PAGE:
The logs also show that often these meetings have been with either Valerie Jarrett or her staff, who have continued to help manage the Sharpton-Obama relationship. But in an interview with NRO, Sharpton downplayed both the number of meetings and the importance of his relationship with Jarrett.
The relationship with the president “is not an individual relationship,” Sharpton says, though he adds he’s “had a good working relationship with the Obama administration.” He continues: “I’ve never had a one-on-one with [President Obama] on civil rights. I’ve always had it as part of three or four of us.”
Of the 61 visits in the White House logs, Sharpton says: “If you’re looking at the fact that I’ve gone to receptions, I’ve gone to immigration meetings, I’ve gone to meetings on education, I’ve gone to meetings on civil rights — that’s not exceptional at all over six years. Are you serious? You’re talking less than a meeting a month, and that includes meetings in the Eisenhower Office Building on immigration, education,” he says. Later, he adds: “It’s not just one relationship. You’re taking about an administration. You’re not talking about a personal relationship.”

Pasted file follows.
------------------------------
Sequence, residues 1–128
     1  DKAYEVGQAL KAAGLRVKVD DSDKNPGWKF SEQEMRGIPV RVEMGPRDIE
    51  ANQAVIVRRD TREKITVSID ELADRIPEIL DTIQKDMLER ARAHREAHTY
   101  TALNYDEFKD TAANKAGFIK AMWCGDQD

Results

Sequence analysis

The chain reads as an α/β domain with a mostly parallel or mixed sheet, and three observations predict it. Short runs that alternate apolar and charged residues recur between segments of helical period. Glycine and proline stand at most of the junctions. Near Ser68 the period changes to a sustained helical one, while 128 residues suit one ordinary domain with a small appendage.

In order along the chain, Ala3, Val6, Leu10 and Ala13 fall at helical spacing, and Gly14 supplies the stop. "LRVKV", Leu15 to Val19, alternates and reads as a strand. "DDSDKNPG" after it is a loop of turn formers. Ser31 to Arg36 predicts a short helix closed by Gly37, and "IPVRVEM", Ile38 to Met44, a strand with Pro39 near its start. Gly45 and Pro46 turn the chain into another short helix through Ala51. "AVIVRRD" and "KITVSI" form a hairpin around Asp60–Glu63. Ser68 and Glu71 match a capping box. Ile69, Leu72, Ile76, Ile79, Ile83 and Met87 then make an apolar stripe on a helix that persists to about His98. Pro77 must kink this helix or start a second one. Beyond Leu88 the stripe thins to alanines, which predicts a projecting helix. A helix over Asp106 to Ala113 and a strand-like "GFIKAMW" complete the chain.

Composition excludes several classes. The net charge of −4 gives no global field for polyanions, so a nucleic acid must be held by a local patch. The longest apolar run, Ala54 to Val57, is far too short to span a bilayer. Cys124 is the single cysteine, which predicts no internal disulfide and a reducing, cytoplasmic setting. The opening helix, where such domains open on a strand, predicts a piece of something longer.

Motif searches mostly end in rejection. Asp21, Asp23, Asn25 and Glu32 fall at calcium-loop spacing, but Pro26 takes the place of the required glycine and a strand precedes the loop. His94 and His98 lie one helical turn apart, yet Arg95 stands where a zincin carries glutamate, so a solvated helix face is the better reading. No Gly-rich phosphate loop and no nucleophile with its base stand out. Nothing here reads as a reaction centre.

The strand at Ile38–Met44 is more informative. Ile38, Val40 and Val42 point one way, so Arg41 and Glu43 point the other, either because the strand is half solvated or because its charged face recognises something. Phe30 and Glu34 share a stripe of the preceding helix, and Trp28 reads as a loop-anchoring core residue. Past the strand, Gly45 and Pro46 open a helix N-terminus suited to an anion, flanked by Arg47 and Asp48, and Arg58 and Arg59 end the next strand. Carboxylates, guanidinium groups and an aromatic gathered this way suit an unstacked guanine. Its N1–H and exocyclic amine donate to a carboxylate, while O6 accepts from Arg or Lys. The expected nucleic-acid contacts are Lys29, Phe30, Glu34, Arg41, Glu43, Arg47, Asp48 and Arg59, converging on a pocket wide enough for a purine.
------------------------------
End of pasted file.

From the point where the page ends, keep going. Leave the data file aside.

As for Jarrett, Sharpton says that while she’s a participant in many meetings, “I would not consider her a conduit any more than I would consider Arne Duncan a conduit on education or anyone else with immigration.”
But Jamal Watson, author of a forthcoming biography of Sharpton, tells me, “Valerie Jarrett has become an important ally to Al Sharpton and has become the conduit between the Obama administration and Sharpton and the civil-rights community.”
Long after Obama’s election and reelection, both the president and Sharpton continue to benefit from the relationship, Watson says.
“I think Sharpton helps to legitimize Obama and protect him against critics who claim he’s not black enough,” he explains, “while at the same time, Obama provides credibility to Al Sharpton against the critics who say he is racist and doesn’t have a track record in civil rights.”
— Jillian Kay Melchior writes for National Review as a Thomas L. Rhodes Fellow for the Franklin Center. This article was published originally on January 15, 2015.